Anandamide administration into the ventromedial hypothalamus stimulates appetite in rats

Authors

  • Nazila Jamshidi,

    Corresponding author
    1. Department of Pharmaceutical Biology and Pharmacology, Victorian College of Pharmacy (Monash University), 381 Royal Parade, Parkville 3052, Victoria, Australia
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  • David A Taylor

    1. Department of Pharmaceutical Biology and Pharmacology, Victorian College of Pharmacy (Monash University), 381 Royal Parade, Parkville 3052, Victoria, Australia
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Department of Pharmaceutical Biology and Pharmacology, Victorian College of Pharmacy (Monash University), 381 Royal Parade, Parkville 3052, Victoria, Australia. E-mail: nazila.jamshidi@vcp.monash.edu.au

Abstract

This investigation reports the possible role of the endocannabinoid anandamide in modulating appetitive behaviour. Given that cannabinoids have been used clinically to stimulate appetite in HIV and cancer chemotherapy patients, there has been a renewed interest in the involvement of cannabinoids in appetite modulation. This is the first report on the administration of anandamide into the ventromedial hypothalamus. Pre-satiated rats received an intrahypothalamic injection of anandamide (50 ng 0.5 μl−1) followed by measurement of food intake at 3 h post injection. Administration of anandamide induced significant hyperphagia. Pretreatment with the selective CB1 cannabinoid antagonist SR 141716 (30 μg 0.5 μl−1), 30 min prior to anandamide injection resulted in an attenuation of the anandamide-induced hyperphagia (P<0.001). This study demonstrates that intrahypothalamic anandamide initiates appetite by stimulation of CB1 receptors, thus providing evidence on the involvement of hypothalamic endocannabinoids in appetite initiation.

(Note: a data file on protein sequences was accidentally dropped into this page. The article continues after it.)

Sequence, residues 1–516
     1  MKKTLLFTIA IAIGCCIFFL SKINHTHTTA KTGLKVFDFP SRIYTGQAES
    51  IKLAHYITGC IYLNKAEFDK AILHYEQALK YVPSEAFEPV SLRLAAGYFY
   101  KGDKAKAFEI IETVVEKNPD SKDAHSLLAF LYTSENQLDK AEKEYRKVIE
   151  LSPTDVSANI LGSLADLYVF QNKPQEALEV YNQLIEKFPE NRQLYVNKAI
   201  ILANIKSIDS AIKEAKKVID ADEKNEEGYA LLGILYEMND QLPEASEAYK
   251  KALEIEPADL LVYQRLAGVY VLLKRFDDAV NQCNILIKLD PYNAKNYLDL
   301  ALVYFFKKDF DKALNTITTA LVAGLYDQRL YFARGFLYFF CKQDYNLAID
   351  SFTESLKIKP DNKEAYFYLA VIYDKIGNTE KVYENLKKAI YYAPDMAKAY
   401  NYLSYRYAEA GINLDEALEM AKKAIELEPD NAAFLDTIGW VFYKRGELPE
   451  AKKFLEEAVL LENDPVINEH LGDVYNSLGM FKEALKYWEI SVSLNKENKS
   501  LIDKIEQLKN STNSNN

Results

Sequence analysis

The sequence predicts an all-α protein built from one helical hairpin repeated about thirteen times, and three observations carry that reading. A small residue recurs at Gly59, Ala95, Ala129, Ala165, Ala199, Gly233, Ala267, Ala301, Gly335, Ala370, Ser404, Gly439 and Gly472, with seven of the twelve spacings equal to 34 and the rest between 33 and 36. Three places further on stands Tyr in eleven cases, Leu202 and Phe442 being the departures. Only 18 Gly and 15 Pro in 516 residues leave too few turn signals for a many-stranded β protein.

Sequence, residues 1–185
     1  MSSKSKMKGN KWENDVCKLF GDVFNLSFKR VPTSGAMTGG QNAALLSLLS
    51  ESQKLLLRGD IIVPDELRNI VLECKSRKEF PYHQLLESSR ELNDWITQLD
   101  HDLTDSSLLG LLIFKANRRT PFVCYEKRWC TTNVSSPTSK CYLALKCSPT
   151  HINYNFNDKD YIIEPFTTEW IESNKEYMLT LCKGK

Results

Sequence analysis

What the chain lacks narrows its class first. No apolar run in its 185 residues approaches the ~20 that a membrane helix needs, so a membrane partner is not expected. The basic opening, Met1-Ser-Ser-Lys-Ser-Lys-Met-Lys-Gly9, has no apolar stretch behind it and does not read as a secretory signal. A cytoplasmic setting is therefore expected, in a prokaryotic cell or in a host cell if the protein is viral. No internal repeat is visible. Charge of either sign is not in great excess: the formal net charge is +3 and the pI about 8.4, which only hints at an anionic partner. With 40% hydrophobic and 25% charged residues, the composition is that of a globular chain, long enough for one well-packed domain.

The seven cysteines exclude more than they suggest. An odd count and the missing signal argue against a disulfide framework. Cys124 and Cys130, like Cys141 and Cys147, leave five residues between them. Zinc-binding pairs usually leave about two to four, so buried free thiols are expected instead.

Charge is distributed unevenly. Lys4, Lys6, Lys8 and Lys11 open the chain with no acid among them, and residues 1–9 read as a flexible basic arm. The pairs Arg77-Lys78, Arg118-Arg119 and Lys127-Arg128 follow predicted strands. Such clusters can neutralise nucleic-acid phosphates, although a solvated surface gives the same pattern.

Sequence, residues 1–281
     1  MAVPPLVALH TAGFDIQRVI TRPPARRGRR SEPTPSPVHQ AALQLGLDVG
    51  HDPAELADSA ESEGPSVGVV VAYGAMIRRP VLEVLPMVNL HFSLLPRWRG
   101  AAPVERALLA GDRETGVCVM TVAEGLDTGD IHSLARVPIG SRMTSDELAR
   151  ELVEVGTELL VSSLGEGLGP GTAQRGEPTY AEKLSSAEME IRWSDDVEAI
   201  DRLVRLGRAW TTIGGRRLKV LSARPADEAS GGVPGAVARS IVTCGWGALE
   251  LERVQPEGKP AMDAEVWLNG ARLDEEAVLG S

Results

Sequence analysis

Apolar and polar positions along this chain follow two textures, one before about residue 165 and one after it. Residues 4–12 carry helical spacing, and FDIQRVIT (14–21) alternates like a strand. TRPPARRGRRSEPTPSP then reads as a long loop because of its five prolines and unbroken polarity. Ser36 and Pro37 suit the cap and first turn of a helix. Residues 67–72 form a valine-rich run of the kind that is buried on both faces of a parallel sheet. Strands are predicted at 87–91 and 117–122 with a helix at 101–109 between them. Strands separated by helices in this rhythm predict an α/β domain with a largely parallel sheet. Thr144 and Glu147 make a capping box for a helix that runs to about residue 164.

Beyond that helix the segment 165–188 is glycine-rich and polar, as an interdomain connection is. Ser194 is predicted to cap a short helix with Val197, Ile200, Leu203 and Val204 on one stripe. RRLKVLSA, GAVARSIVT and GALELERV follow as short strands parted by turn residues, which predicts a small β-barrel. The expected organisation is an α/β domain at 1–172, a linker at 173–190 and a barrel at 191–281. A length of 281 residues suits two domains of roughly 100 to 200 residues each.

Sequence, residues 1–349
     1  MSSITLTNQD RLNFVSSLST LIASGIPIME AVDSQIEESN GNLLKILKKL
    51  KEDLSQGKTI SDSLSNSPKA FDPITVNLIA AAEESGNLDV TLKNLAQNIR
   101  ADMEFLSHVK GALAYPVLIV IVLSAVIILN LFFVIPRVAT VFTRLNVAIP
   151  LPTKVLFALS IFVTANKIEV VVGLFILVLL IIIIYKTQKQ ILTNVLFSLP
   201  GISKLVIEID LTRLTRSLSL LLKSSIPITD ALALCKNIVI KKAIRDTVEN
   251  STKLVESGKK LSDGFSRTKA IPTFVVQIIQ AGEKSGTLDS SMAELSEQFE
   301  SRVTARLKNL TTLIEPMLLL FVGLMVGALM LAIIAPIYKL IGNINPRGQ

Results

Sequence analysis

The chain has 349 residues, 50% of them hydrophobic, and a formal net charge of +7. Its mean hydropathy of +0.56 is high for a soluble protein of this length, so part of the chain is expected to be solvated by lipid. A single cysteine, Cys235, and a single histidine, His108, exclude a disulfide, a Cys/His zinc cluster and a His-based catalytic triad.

British Journal of Pharmacology (2001) 134, 1151–1154; doi:10.1038/sj.bjp.0704379

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